Last August, lettuce became a hero.Astronauts aboard the international space station tasted lettuce grown in space for the first time on August 11, foreign media reported.Scientists see the taste on the tip of the tongue as an important step toward sending a manned spacecraft to Mars.Getting to eat lettuce grown on the space station is something that makes NASA astronauts feel special.The lettuce, which was sent to the space station by the former dragon spacecraft, grew in a special "vegetable box" designed by the orbital technology center in Madison, Wisconsin.
Lettuce seeds are spread on a bed of soil and fertilizer used for germination.Since vegetables cannot be watered in space, special irrigation systems are designed at the bottom of the bedding.Each weighs about 7kg and can be folded or stretched.The box is also equipped with red, green and blue LED lights to promote vegetable growth.
NASA says the international space station has been experimenting with growing vegetables since May 2014. If astronauts could grow their own vegetables after leaving earth, they might be better prepared for the rigors of space exploration that can take months or even years.There is no possibility of regularly resupplying Mars, and astronauts will have to grow their own food to survive the voyage.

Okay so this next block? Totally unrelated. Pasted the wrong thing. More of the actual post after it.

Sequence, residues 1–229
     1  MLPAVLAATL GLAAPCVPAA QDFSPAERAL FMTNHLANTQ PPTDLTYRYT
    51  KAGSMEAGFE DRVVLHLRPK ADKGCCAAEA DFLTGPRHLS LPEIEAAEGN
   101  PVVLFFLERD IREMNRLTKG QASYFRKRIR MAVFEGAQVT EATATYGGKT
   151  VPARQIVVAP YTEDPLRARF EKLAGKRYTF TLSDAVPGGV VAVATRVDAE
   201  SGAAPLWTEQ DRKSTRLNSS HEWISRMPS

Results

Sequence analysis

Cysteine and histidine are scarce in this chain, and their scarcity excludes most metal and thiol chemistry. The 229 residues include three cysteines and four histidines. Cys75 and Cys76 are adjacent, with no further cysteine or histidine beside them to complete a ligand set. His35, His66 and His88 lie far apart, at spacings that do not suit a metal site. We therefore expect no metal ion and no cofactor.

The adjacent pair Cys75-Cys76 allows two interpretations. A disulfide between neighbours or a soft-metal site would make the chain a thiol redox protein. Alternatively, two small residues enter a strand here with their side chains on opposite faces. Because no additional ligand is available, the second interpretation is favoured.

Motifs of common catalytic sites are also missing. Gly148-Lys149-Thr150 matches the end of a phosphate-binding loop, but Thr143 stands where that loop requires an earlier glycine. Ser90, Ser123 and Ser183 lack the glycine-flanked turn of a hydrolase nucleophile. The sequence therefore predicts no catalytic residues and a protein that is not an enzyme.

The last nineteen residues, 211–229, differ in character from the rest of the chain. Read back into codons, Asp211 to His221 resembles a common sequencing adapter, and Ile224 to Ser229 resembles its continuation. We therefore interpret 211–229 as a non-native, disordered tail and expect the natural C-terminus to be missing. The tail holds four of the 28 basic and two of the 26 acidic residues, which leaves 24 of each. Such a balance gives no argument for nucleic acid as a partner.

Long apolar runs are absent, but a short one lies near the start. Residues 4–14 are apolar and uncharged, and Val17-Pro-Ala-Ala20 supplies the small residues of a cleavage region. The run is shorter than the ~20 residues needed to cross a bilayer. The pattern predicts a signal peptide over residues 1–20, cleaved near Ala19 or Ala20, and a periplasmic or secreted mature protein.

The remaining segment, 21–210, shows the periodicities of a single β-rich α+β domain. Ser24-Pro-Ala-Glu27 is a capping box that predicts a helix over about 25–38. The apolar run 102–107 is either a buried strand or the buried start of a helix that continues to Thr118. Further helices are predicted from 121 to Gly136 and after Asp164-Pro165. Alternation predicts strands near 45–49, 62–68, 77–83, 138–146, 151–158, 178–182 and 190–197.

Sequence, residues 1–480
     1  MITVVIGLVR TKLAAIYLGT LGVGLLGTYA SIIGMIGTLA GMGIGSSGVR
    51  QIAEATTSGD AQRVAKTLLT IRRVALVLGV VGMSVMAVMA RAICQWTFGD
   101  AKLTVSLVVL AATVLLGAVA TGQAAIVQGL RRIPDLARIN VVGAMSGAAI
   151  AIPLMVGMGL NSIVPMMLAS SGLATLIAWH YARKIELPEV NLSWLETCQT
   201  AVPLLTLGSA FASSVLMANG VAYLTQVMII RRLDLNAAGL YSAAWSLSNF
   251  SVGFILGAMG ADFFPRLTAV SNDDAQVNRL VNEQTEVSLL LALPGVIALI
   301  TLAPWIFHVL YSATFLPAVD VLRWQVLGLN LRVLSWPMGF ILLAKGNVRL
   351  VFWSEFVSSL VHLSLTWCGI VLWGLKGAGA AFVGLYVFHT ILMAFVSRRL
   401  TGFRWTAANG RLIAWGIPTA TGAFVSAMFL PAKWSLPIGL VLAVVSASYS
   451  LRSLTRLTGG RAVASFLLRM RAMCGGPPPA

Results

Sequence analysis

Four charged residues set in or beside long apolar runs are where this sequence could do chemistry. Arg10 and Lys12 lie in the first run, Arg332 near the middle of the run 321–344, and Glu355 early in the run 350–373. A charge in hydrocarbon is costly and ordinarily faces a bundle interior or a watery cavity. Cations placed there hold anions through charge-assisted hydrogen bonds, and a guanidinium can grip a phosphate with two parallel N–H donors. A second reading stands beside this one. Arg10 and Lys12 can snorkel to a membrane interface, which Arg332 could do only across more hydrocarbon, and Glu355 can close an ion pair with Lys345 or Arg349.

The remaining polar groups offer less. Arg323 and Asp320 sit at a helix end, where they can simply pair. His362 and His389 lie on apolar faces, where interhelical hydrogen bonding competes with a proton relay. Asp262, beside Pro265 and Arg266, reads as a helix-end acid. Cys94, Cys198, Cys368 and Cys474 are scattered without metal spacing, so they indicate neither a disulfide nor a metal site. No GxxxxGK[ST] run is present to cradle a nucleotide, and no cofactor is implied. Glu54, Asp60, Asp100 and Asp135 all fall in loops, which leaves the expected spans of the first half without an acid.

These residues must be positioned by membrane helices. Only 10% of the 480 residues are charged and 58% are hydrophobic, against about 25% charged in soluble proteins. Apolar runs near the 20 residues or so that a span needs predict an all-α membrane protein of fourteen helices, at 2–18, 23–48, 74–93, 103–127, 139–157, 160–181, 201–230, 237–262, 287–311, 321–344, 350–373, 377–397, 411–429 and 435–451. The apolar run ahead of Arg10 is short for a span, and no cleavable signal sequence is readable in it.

With the development of technology, it is very efficient to grow some plants in space.Currently, scientists are studying the planting of a genetically modified dwarf plum tree only about 2 meters in space.But more diverse sources of protein, fat and carbohydrates may be needed, such as tomatoes and peanuts.
But all these efforts will be in vain if the water runs out.On the international space station, the urine-water recovery system needs regular repairs, and astronauts on interplanetary missions can't get new parts back.In this case, gmos may come into play.Michael Flynn, an engineer at NASA's Ames research center, is working on a water filter made of genetically modified bacteria that works like a human intestine recycles what it drinks."Basically, the human body with a life span of 75 to 80 years is itself a water recovery system," Flynn said.The filter, like the human gut, may continue to be self-sustaining.